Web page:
Let us suppose that a patient is found to have an atrial septal defect (ASD) with a left-to-right shunt clearly detected by oximetry run. Furthermore, the catheter crosses the defect and a pulmonary vein is entered, from which a blood sample shows O2 saturation of 98%. Let us further suppose that systemic arterial blood saturation, however, is 90% and that this is owing to chronic pulmonary disease. After ruling out a right-to-left shunt by any of the various methods (e.g., inhalation of 100% oxygen, indocyanine green dye injection in inferior vena cava, echocardiogram-bubble study), should we use 98% or 90% for pulmonary venous blood O2 saturation in the calculation of Qp? As indicated earlier, because arterial desaturation is not caused by a right-to-left intracardiac shunt, the observed systemic arterial O2 saturation (90%) should be used because this summates all the pulmonary veins draining both lungs, not just the one with 98% O2 saturation.
Table 12.2 Calculation of Systemic Blood Flow in the Presence of Left-to-Right Shunt
Location of Shunt as Determined by Site of O2 Step-Up
Mixed Venous Sample to be Used in Calculating Systemic Blood Flow
Right ventricle, average of samples obtained during oximetry run
2. Right ventricle (e.g., ventricular septal defect)
Right atrium, average of all samples during oximetry run
3. Right atrium (e.g., atrial septal defect)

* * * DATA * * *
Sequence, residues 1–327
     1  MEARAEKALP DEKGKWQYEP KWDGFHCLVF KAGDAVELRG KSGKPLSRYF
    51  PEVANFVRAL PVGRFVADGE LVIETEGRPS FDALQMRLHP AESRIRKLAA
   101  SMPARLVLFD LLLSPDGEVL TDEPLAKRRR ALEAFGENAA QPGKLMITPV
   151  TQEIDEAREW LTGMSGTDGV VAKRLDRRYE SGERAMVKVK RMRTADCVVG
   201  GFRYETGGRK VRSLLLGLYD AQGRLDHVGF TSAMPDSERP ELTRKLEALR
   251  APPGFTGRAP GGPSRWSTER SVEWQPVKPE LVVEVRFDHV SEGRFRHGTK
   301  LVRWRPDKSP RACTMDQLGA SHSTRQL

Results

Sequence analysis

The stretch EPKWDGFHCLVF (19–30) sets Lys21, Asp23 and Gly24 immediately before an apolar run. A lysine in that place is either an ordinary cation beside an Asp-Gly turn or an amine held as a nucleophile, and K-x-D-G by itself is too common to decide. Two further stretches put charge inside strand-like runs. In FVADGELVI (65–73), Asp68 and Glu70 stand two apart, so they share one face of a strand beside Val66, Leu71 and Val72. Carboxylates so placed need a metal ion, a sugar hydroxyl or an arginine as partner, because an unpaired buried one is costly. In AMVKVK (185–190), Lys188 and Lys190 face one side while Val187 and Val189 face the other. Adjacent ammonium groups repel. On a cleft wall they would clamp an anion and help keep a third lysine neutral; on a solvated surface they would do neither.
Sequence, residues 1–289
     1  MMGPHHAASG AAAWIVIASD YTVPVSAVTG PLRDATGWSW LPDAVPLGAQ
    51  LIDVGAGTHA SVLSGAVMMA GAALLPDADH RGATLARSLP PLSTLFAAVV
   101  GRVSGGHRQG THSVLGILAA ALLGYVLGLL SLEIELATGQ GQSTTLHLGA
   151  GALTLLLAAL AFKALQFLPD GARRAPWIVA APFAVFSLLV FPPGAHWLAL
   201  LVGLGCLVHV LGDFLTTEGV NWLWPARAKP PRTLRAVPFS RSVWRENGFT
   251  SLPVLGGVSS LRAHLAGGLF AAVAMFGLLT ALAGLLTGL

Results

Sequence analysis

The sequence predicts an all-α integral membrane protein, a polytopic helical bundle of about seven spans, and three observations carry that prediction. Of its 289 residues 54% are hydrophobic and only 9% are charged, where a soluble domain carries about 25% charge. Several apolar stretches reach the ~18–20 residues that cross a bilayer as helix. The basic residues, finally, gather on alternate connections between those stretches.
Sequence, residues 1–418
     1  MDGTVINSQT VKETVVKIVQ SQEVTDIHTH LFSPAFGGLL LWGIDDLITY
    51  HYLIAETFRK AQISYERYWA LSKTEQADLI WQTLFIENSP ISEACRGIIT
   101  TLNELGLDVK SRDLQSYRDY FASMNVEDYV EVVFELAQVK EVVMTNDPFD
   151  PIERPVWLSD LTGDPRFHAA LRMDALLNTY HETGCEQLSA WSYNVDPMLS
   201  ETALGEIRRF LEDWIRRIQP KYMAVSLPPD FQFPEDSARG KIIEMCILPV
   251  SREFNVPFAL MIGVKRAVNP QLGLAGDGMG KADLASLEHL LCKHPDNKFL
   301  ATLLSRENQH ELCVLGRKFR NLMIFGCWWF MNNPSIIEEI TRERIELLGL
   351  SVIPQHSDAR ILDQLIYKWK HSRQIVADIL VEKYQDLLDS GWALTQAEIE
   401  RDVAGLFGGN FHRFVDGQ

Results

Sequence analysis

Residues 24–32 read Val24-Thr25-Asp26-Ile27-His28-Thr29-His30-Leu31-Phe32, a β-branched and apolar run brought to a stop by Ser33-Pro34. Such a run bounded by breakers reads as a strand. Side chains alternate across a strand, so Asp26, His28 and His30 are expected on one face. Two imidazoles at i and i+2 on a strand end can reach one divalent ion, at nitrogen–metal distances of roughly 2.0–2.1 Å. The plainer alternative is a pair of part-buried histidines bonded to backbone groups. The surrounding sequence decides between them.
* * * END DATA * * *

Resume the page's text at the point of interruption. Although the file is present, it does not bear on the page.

Calculation of Systemic Blood Flow (Qs)
Use the following equation for systemic blood flow:
The key to proper measurement of systemic blood flow in the presence of an intracardiac shunt is that the mixed venous oxygen content must be measured in the chamber immediately proximal to the shunt, as shown in Table 12.2.
The formula generally used by cardiologists who treat adults for the calculation of venous content in the presence of an ASD was derived by Flamm and coworkers.5 They found that systemic blood flow calculated from mixed venous oxygen content as determined from the formula listed in Table 12.2 most closely approximates systemic blood flow as measured by left ventricular to brachial artery (BA) dye curves in patients with atrial septal defect studied at rest. It should be noted that Flamm’s formula weights blood returning from the superior vena cava more heavily than might be expected on the basis of relative flows in the superior and inferior cavae. The success of this empirical weighting of the relatively desaturated superior vena cava blood (O2 saturation is almost always less in blood from the superior as opposed to the inferior vena cava) probably reflects the fact that the third contributor to mixed venous blood—desaturated coronary sinus blood—is not sampled during the oximetry run and therefore cannot be included directly in the formula. The formula (3 SVC O2 + 1 IVC O2)/4 was validated by Flamm and associates for mixed venous oxygen content at rest5: In 18 patients without shunt, this value agreed closely with pulmonary artery blood oxygen content at rest. During supine bicycle exercise, however, a different relationship was found to apply, in which mixed venous (pulmonary artery) oxygen content in patients without shunt was best approximated as (1 SVC O2 + 2 IVC O2)/3. This formula was then used for patients with atrial septal defect during exercise, and it reliably predicted systemic blood flow measured by left ventricular to BA dye-dilution curve. Therefore, for patients with left-to-right shunt at the atrial level, the formula in Table 12.2 should be used only for calculation of resting mixed venous O2 content.